"You end up with fights; you end up with poor health; you end up with bedbugs; you end up with disease," he said. "And these things all happened before the coronavirus."

Shelter system is 'dynamic,' city says

In response to Hatlem's video, city spokesperson Lyne Kyle told CBC Toronto that the city's intake process is constantly changing throughout the day, which can cause discrepancies like the ones Hatlem describes. 

Kyle said space in the city's shelter system is "dynamic" and changes  as people enter and leave the system, also noting that the occupancy data is based on a snapshot that is taken as of 4:00 a.m.

"It is possible for individuals to call Central Intake and be told there are no available beds and to call back later," Kyle said. 

She also called the 30-per-cent vacancy figure in Hatlam's video "inaccurate."

"They arrived at this stat using information provided through the City's Open Data portal, which is based on a breakdown of space by location prior to COVID-19," Kyle said.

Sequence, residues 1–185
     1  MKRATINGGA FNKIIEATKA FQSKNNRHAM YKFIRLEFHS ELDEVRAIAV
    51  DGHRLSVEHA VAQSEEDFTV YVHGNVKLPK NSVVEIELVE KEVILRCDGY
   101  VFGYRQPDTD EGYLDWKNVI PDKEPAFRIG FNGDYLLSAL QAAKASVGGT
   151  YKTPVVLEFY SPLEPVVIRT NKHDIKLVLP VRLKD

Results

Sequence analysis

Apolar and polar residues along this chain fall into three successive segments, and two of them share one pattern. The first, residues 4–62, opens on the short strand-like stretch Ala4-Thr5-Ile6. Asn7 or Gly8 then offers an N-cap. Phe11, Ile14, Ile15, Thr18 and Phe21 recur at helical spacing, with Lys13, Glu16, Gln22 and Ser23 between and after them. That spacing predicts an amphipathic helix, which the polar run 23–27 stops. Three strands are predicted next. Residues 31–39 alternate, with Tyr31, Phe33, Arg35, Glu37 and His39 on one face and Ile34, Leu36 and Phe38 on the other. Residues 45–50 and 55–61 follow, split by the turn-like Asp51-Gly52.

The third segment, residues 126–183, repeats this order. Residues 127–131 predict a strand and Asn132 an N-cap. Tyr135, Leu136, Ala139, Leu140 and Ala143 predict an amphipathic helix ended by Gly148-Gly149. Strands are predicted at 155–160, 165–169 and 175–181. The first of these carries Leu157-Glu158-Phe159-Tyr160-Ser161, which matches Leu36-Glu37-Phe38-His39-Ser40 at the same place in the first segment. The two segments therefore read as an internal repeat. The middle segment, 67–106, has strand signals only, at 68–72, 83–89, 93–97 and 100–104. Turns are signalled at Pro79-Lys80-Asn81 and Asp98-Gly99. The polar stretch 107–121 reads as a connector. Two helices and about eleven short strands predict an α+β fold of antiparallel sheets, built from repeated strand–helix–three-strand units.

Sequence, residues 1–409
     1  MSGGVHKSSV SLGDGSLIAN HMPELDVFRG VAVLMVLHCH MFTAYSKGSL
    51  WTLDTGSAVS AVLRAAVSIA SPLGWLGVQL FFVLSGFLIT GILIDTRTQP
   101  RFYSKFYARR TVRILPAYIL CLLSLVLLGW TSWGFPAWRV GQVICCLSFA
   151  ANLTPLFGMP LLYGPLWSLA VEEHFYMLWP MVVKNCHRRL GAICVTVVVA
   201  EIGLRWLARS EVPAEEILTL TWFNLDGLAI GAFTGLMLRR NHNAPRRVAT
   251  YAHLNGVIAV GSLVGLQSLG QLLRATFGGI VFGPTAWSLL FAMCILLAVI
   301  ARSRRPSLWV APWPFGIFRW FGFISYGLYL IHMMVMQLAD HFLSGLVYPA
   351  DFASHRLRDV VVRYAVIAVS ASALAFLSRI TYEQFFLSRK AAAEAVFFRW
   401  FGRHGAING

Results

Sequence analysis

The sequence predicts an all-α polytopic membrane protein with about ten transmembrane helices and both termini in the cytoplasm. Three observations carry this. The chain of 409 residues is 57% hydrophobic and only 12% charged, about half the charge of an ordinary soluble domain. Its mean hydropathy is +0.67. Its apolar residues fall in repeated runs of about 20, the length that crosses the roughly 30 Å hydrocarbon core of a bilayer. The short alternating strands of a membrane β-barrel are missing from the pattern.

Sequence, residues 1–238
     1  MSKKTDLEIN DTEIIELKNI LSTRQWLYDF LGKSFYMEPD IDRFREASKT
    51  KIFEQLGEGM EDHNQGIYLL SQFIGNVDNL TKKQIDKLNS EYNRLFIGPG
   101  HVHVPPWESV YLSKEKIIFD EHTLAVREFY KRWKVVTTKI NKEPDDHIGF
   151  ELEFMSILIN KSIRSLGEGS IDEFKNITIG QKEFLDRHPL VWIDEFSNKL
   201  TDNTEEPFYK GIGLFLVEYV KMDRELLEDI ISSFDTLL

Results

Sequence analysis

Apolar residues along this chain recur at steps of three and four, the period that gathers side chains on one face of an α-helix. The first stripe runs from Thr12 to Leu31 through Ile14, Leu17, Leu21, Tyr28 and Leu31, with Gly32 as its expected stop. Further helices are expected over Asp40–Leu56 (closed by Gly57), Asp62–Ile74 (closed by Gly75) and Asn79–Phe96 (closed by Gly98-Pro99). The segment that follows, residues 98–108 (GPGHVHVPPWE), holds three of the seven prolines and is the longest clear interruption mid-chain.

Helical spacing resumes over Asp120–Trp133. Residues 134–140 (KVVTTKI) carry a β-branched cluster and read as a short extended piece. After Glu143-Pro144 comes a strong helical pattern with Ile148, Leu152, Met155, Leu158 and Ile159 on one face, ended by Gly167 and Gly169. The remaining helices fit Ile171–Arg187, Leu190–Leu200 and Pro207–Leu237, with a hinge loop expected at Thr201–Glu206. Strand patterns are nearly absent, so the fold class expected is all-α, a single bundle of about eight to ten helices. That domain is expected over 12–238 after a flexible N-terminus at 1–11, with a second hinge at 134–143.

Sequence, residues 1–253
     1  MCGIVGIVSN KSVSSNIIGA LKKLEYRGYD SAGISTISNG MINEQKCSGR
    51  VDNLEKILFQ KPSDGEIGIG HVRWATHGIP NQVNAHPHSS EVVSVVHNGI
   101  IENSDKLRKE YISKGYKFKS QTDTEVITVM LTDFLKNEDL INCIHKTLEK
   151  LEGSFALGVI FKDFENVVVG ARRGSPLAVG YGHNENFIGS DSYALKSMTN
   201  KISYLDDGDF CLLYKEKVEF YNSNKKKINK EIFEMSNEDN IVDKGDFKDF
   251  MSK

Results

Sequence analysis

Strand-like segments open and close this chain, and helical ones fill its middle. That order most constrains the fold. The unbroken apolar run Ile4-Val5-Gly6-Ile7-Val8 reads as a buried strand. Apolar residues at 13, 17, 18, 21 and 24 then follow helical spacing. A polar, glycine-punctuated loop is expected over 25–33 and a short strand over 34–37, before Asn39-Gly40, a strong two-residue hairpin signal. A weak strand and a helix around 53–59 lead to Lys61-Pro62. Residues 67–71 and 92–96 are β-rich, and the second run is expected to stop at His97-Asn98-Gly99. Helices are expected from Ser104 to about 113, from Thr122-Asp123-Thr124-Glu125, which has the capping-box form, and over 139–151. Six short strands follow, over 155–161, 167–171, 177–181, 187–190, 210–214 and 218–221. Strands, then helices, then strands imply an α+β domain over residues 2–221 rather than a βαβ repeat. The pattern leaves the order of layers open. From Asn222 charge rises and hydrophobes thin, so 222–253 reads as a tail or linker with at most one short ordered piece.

In response to the video, a city spokesperson says if a person calls and is told there are no available beds, they should call back. The city says the the system is 'dynamic' and the number of available beds is constantly changing as people experiencing homelessness come and go. (Nick Purdon/CBC)

"The page where the dataset is located has an alert that explains that we are working to make improvements to the dataset, but meanwhile [we] advise users not to rely on this data to interpret current bed availability."